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Journal Cover Research & Reviews : Journal of Veterinary Science and Technology
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     ISSN (Print) 2349-3690
     Published by STM Journals Homepage  [54 journals]
  • Mortality Due to Pasteurellosis in Calves
    • Authors: Sanjiv Kumar, S. Samantaray, D. Kumar, S. Kumari, R. Kapur
      Abstract: Mortality was recorded in fifteen Jersey calves in the cattle farm of Bihar Veterinary College, Patna. All these calves before death were showing symptoms of high fever, severe dyspnoea, mouth breathing, profuse salivation and oedema in throat region. Dead animals subjected to necropsy showed gross and histopathological lesions of Haemmorhagic Septicemia. Stained heart blood smear and culture showed the presence of bipolar coccobacilli Pasteurella organisms. All the other ten ailing animals responded well to the treatment and survived.Keywords: Calves, Fibrinous exudates, Bipolar organisms, Haemorrhagic Septicemia
      PubDate: 2014-09-08
      Issue No: Vol. 3 (2014)
       
  • Torsion of Uterus as a Cause of Dystocia in a Nellore Brown Ewe
    • Authors: K. Jyothi, M. Mutha Rao, Y. V. Pridhvidhar Reddy, A. Ganesan
      Abstract: A Nellore brown ewe in its first parity was presented to the clinic with a complaint of dystocia. Pervaginal examination revealed right side post cervical uterine torsion. Detortion of uterus was achieved by rolling the dam by modified schaffer’s method. Torsion relieved but cervix was not dilated fully necessitating caesarean section but the owner preferred to dispose of the animal.
      Keywords: Nellore brown ewe, Dystocia, Uterine torsion, Modified Schaffer’s method
      PubDate: 2014-09-08
      Issue No: Vol. 3 (2014)
       
  • Antioxidant Enzyme Status in Broiler Chickens: Role of Dietary
           
    • Authors: V. Leela, L. S. S Varaprasad Reddy, G. Suganya, K. Loganathasamy, C. Devaraj
      Abstract: An experiment was conducted in broiler chicken to evaluate the effect of dietary supplementation of Ocimum sanctum, Ocimum basilicum and selenium on antioxidative enzyme levels. Total of forty two broiler chickens of day old divided into 6 groups of 7 each were used for this study. O. sanctum leaf powder (0.5%), O. basilicum leaf powder (0.5%) and organic selenium (0.3 ppm) and their combinations were added to the basal diet. Superoxide dismutase (SOD), glutathione peroxidase (GSH-px) and catalase levels in plasma were measured at the end of 3rd and 6th week of age. Dietary supplementation of selenium itself significantly (p<0.01) increased GSH-px activity and supplementation of both Ocimum species significantly increased SOD and catalase levels. However, O. basilicum and O. sanctum in combination with selenium effectively enhanced the levels of SOD, GSH-px and catalase. Between O. basilicum and O.sanctum with combination of selenium, no significant variations in antioxidant levels were seen. Both the plant sources showed similar potency in scavenging free radicals. It is concluded that dietary supplementation of O.sanctum or O. basilicum at 0.5% level and its combination with selenium (0.3 ppm) can combat oxidative stress in broilers, by enhancing antioxidative enzyme levels.
      Keywords: Antioxidants, Ocimum sanctum, Ocimum basilicum, Selenium, SOD, GSH-px, Catalase, Broiler chickens
      PubDate: 2014-08-07
      Issue No: Vol. 3 (2014)
       
  • Biochemical Assessment of Allantoic Fluid during Different Stages of
           Pregnancy in Madras Red Sheep
    • Authors: C. Devaraj, V. Leela
      Abstract: To determine the biochemical constituents of sheep allantoic fluid during the different stages of pregnancy, sixty sheep uteri at various stages of pregnancy were collected from the local slaughterhouse. The allantoic fluid samples were collected from each gravid uterus. Foetal age was calculated according to crown anus length of the embryo/foetus by using the age estimation formula. At four stages of pregnancy viz., – I (30–60 days), stage - II (61–90 days), stage - III (91–120 days) and stage - IV (121 to term), the biochemical variables measured, respectively, were: glucose concentration were 8.13, 6.80, 4.30 and 3.21 mg/dl; total protein, 0.58, 0.62,0.79 and 1.03 g/dl; urea, 29.23, 36.03,51.68 and 67.06 mg/dl; creatinine, 5.98, 9.70,17.66 and 24.92 mg/dl, cholesterol, 3.08,3.32, 3.54 and 2.88 mg/dl; sodium, 94.20, 100.9, 89.00 and 97.86 mmol/L; potassium, 4.40, 5.72, 4.26 and 5.50 mmol/L; calcium, 8.73, 8.67, 5.9 and 4.20 mg/dl and magnesium, 0.32, 0.81, 0.22 and 0.01 mg/dl. Significant correlations (P<0.05) were found between gestational age and levels of glucose, total protein, urea, creatinine and calcium. These findings might be helpful to understanding the foetal metabolism and diagnose pathophysiological conditions during pregnancy.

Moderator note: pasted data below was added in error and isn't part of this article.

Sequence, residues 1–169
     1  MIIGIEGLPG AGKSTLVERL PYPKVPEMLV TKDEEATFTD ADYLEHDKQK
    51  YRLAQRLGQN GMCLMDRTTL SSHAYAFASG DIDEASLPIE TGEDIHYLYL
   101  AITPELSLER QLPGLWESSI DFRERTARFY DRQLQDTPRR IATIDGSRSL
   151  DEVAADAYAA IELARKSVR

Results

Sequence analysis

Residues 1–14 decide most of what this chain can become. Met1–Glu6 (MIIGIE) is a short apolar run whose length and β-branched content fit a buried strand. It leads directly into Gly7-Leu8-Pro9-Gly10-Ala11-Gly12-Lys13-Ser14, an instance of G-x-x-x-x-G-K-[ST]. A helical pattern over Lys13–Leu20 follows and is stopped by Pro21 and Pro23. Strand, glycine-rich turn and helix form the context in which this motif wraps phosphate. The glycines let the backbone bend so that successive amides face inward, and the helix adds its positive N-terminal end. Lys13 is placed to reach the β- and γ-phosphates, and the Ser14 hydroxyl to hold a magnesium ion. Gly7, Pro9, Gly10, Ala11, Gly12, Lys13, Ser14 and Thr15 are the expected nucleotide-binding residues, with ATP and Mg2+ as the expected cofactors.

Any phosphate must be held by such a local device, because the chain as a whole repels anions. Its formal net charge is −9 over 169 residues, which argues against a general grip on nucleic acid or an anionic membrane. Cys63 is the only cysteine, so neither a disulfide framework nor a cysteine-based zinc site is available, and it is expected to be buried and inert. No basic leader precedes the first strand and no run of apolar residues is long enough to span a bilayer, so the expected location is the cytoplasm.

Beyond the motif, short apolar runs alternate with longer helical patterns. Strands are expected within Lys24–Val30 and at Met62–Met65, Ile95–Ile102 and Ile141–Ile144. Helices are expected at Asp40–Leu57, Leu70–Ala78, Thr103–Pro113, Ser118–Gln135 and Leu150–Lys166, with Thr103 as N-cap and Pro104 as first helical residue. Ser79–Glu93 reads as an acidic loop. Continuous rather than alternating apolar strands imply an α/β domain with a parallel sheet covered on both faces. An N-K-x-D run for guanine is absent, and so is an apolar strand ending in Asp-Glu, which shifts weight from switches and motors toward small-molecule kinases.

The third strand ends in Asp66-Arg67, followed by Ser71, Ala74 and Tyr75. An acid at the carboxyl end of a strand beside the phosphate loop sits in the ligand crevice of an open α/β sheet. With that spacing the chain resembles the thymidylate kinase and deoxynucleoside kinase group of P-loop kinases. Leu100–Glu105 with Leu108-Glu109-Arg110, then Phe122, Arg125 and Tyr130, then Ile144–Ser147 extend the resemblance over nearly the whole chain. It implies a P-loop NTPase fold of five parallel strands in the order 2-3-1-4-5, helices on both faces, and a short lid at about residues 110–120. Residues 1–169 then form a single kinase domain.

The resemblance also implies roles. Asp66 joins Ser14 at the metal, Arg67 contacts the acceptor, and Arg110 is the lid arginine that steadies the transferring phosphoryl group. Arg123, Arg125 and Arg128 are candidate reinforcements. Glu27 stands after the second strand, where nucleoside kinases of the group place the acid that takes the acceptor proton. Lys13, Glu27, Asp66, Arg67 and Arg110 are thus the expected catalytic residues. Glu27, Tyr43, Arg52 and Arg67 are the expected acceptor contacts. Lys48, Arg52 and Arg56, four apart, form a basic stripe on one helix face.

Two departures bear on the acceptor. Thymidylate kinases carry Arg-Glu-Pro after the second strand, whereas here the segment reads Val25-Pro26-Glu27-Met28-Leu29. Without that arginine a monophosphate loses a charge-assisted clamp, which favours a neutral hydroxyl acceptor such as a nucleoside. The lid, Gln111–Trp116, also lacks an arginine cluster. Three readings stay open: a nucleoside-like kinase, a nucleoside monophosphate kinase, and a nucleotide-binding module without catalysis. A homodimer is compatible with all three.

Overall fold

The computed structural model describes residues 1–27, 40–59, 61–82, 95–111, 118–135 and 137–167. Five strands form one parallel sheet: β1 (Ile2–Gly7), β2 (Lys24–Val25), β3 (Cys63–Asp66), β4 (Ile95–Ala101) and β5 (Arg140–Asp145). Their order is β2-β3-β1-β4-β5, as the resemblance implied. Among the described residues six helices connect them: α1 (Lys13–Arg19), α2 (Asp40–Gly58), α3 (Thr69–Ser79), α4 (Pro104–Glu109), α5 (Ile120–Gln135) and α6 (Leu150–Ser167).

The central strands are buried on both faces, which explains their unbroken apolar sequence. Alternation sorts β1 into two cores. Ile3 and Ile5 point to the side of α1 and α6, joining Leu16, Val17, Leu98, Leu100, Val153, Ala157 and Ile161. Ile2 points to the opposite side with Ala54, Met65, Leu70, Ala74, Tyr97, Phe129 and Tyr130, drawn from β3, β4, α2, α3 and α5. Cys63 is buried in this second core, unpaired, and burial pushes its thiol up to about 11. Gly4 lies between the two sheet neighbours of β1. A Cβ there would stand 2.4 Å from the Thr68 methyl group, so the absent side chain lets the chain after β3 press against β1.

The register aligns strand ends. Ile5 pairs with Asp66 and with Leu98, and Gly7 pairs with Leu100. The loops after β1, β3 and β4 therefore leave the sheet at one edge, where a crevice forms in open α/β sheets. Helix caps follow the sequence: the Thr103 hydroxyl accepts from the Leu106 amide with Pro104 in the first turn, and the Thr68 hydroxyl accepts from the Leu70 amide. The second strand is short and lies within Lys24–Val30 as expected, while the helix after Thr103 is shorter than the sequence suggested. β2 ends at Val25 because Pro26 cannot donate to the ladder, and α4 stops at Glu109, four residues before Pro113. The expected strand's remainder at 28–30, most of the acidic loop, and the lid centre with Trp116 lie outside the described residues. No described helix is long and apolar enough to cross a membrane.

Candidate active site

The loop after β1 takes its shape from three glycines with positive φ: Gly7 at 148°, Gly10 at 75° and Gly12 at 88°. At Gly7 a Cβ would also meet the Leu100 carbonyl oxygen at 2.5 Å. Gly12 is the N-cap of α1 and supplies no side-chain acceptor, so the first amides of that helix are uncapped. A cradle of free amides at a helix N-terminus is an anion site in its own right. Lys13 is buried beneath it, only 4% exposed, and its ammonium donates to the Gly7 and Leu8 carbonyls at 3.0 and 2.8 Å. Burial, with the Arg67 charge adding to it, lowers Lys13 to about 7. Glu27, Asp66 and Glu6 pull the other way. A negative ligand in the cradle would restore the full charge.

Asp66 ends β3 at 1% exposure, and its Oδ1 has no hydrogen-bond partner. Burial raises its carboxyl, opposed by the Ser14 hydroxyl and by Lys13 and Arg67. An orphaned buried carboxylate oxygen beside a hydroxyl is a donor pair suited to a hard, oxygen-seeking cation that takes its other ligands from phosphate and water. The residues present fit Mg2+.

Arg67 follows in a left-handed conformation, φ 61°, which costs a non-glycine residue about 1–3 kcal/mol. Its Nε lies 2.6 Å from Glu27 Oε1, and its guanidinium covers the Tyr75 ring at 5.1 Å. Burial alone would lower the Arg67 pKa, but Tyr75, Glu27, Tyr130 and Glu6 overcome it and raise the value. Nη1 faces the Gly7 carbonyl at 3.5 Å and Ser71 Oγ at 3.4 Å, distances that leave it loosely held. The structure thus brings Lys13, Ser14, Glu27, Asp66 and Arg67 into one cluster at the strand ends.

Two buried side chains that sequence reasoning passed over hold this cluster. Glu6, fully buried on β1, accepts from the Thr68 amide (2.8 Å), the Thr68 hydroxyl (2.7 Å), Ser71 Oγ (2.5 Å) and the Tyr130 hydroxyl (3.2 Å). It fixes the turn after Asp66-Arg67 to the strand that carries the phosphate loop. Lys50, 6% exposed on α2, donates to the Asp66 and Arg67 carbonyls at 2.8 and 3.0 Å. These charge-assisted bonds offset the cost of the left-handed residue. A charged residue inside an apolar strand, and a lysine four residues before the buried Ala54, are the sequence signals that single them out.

Keywords: Allantoic, Biochemical assessment, Foetal metabolism, Pregnancy, Sheep
      PubDate: 2014-08-07
      Issue No: Vol. 3 (2014)
       
  • Biochemical Profile of Kilakarsal Ewes during Pregnancy, Post-partum,
           Lactation and Dry Period
    • Authors: Devaraj C, V. S. Gomathy, C. Devaraj
      Abstract: The present study was conducted to investigate the changes in biochemical parameters during different physiological states of reproduction. The Kilakarsal sheep reared at the Instructional Livestock Farm Complex, Tirunelveli, Tamilnadu, housed under standard management conditions in sheds with an open paddock was chosen for this study. Twenty-four ewes were categorized into four groups of six each at different physiological phases of late gestation, post-partum, lactation and dry period. The average live body weight of ewes in this study was 35 ± 1.62 kg. The study showed no significant difference in certain biochemical parameters like magnesium (mg/dL), urea (mg/dL), creatinine (mg/dL) and non-esterified fatty acids (NEFA) during late gestation, postpartum, lactation and dry period. However, significant (p < 0.05) differences were noted in certain biochemical parameters like total protein (g/dL), calcium (mg/dL) and phosphorus (mg/dL) amongst the four groups of different stages.
      Keywords: Biochemical parameters, Blood, Physiological status, Ewes
      PubDate: 2014-08-07